Robert Frederick Blum, born in Cincinnati, Ohio, in 1857, studied art and design at the McMicken School of Design (now the Art Academy of Cincinnati) where Alfred Brennan and Kenyon Cox were fellow pupils. In 1876 Blum visited Philadelphia and was exposed to the artwork of the very fashionable portraitist Giovanni Boldini and the Spanish painter and illustrator, Mariano José Maria Bernardo Fortuny y Carbó. These artists' painterly brushstrokes and color schemes had a profound influence on Blum. His emulation of Fortuny led to his being labeled as one of the leading Impressionists at the time. Blum remained in Philadelphia for about nine months studying at the Pennsylvania Academy of the Fine Arts.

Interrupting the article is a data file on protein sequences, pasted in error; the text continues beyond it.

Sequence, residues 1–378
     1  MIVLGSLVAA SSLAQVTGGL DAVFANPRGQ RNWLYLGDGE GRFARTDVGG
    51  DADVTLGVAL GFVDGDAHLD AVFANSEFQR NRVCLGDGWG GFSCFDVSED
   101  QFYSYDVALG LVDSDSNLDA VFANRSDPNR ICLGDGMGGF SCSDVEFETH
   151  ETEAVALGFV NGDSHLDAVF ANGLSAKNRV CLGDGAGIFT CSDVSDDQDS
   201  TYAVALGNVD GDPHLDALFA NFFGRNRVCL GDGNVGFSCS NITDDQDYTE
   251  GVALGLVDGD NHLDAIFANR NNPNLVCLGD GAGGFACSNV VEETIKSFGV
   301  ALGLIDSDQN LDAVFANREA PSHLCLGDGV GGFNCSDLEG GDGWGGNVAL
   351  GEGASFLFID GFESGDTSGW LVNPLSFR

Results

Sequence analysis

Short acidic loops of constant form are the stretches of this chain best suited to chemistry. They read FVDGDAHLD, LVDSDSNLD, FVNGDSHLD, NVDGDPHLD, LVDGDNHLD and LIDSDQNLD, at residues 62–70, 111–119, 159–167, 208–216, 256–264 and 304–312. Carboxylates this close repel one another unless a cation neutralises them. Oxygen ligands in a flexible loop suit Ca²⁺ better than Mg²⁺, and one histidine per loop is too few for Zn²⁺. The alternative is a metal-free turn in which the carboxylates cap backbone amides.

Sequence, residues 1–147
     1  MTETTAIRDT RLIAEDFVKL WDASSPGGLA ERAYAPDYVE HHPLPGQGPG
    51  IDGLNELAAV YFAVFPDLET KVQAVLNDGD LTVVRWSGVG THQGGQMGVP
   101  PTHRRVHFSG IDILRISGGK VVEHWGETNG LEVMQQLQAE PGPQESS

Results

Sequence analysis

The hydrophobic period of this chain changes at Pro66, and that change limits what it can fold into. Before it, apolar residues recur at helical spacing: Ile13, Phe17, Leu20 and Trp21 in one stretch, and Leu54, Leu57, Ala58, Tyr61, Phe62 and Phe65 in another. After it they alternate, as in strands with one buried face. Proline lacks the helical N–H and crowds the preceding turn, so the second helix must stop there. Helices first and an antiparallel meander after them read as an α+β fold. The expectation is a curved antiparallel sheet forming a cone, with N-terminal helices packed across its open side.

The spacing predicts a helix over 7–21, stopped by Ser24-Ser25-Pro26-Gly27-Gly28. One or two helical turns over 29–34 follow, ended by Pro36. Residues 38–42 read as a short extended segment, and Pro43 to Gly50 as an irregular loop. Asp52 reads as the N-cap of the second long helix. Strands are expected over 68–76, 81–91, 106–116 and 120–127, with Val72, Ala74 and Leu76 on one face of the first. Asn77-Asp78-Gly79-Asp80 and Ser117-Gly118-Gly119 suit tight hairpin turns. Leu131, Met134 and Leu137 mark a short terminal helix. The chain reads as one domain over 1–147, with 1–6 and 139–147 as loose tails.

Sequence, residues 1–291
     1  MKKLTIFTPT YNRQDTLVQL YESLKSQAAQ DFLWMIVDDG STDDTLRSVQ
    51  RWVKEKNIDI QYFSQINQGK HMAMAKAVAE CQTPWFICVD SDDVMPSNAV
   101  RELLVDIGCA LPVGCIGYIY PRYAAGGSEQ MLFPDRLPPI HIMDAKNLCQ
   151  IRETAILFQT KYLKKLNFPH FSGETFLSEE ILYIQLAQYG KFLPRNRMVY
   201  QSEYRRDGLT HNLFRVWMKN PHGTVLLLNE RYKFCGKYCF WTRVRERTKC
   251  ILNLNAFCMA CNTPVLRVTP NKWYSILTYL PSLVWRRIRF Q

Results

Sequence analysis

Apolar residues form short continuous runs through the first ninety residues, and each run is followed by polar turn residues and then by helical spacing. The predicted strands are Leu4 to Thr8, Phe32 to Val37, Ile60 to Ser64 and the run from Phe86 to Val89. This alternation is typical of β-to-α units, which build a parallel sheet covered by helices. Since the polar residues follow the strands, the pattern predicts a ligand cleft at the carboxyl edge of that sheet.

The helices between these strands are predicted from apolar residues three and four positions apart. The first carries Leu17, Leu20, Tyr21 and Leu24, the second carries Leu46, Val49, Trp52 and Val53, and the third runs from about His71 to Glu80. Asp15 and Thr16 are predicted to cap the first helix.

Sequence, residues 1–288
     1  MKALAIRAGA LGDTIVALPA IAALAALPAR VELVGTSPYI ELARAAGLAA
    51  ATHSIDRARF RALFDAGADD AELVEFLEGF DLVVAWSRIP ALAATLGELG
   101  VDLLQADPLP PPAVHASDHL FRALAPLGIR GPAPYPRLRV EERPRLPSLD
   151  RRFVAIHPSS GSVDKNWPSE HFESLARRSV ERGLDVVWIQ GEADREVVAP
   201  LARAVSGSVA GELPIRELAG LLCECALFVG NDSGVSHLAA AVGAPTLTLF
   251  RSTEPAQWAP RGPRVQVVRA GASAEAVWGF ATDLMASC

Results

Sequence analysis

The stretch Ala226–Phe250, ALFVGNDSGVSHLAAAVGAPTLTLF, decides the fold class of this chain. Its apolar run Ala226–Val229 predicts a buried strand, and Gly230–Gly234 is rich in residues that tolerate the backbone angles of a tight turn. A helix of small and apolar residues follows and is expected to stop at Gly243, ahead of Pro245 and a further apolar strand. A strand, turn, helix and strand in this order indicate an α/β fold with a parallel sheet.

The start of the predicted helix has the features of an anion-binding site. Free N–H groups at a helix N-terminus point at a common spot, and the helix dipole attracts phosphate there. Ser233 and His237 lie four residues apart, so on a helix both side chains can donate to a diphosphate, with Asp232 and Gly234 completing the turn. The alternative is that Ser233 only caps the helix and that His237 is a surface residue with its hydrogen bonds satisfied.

In July 1881, Blum traveled to Spain where he studied at the Prado. A Spanish Water Carrier (Toledo) was executed a year later. Utilizing the environs of Toledo, the present work reflects Blum's innovative borrowing of Impressionist techniques combined with his unique sense of realism. Blum captures a momentary glance of daily activity which is energized through brushstroke, color, light and atmosphere.